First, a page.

Archive for April, 2013

Verification or Validation

Posted on: April 21st, 2013 by admin No Comments

In some recent discussions with product development neophytes, we have heard a merging of the concepts of verification and validation.  Let us set the record straight.  Verification and Validation are not synonymous.  The World English Dictionary defines verification as “establishment of the correctness of a theory, fact, etc…”   and validation as “to confirm or corroborate”.  We can thank Barry Boehm (famed American Software Engineer) for the clarifying of these words as they apply to product development.

  • ·         Validation: Are we building the right product?
  • ·         Verification: Are we building the product right?

These two things are not one and the same thing, and in the world of product development, articulating these ideas correctly matters.  Let’s look into each of these closer.

In the definition of verification, the word correctness appears. Are we building the product right (or correctly)?  It is interesting that this word does not appear in the definition of validation.  The notion of correctness is important in that it clearly articulates the scope of verification activities.   Verification is measureable, as is correctness.  Correctness requires a foundational baseline, not subject to opinion. So does verification.  Correctness is black and white.  So should be verification.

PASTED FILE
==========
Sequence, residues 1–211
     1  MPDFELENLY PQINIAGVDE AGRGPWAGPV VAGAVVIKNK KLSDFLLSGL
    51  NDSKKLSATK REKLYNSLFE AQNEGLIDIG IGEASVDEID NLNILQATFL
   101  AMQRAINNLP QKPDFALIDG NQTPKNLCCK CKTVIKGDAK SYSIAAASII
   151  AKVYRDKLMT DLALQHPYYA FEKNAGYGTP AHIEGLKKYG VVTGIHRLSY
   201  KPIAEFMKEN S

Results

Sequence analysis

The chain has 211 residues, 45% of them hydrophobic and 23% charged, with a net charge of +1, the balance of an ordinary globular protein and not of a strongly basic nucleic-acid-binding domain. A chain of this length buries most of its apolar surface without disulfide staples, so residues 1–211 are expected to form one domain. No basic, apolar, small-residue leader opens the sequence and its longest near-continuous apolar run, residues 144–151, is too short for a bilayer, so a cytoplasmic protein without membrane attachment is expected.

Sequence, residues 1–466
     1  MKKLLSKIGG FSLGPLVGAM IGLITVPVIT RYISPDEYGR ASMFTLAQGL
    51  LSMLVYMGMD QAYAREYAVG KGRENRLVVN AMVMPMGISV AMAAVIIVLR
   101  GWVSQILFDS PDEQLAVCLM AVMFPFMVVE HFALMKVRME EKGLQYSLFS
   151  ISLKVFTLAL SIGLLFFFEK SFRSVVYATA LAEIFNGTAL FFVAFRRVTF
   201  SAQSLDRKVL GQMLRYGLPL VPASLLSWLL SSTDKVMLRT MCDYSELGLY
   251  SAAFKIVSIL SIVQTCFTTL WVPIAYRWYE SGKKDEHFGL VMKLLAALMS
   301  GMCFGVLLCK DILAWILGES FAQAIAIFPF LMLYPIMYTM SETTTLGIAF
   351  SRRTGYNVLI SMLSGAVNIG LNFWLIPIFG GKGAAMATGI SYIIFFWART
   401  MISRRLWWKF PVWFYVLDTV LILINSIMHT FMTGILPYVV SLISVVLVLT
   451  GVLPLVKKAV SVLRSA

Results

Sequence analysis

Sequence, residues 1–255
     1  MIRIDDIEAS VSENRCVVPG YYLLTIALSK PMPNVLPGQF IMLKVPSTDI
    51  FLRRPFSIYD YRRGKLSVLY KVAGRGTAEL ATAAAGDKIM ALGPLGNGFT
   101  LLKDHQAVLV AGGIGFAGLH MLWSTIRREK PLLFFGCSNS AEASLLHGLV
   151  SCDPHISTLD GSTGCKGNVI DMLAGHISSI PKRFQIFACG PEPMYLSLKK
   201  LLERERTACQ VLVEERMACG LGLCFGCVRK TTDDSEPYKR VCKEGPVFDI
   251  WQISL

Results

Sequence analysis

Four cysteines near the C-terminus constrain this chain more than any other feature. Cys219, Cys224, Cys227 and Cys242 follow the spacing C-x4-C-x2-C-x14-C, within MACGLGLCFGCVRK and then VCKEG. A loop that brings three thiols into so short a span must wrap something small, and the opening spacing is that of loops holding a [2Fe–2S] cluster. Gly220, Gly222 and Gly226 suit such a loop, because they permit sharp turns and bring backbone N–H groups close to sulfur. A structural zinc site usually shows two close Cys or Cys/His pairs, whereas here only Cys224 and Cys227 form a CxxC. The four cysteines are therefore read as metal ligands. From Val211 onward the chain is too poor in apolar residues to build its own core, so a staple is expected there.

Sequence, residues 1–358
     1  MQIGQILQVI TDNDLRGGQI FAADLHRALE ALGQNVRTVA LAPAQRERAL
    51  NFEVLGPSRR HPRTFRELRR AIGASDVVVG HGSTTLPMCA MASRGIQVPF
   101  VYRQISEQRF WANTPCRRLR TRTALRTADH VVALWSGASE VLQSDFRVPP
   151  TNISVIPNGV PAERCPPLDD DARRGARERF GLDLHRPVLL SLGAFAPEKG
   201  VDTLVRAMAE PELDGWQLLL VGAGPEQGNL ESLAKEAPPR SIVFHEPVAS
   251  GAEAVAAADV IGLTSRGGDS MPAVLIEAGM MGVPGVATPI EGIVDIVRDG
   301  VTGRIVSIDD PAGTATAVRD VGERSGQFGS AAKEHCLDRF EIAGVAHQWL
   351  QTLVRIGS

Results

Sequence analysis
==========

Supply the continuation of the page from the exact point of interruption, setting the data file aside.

Validation on the other hand does not contain the notion of “correctness”.  Instead it emphasizes agreement or corroboration.  In the case of Boehm’s observation, “are we building or creating the right thing?”  Validation is about achieving agreement from the customer, that their opinion of the product matches your own.  Validation, therefore, is an opinion-driven or softer exercise – not driven by fact but by perspective and opinion, and opinions can change.  In the context of a project, the fluctuating and nebulous nature of customer opinion can create scope creep, poorly defined product requirements or poorly perceived project deliveries if validation activities are not continuous and consistent.  

With these definitions in mind, it is clear that validation must be treated as an on-going and continuous effort throughout the project lifecycle in order to ensure a well-received product.  However, it may not be so clear that so too is it for the verification activities during product development.  We have shown some of the reasons in previous blogs and will discuss at length in future blogs when we turn toward verification in more detail.

How do you ensure a well-received product?

Risk Reserves and Individual Projects

Posted on: April 20th, 2013 by admin No Comments